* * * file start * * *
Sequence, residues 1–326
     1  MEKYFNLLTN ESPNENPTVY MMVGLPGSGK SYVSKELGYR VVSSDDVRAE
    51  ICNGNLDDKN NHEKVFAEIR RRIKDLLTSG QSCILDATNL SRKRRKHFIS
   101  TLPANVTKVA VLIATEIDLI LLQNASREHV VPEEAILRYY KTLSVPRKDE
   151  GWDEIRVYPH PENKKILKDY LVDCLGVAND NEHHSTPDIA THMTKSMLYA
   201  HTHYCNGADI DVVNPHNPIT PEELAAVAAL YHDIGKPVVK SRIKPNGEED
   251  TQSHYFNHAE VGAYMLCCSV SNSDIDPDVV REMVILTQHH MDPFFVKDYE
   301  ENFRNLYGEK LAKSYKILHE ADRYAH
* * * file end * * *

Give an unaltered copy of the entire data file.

Sequence, residues 1–326
     1  MEKYFNLLTN ESPNENPTVY MMVGLPGSGK SYVSKELGYR VVSSDDVRAE
    51  ICNGNLDDKN NHEKVFAEIR RRIKDLLTSG QSCILDATNL SRKRRKHFIS
   101  TLPANVTKVA VLIATEIDLI LLQNASREHV VPEEAILRYY KTLSVPRKDE
   151  GWDEIRVYPH PENKKILKDY LVDCLGVAND NEHHSTPDIA THMTKSMLYA
   201  HTHYCNGADI DVVNPHNPIT PEELAAVAAL YHDIGKPVVK SRIKPNGEED
   251  TQSHYFNHAE VGAYMLCCSV SNSDIDPDVV REMVILTQHH MDPFFVKDYE
   301  ENFRNLYGEK LAKSYKILHE ADRYAH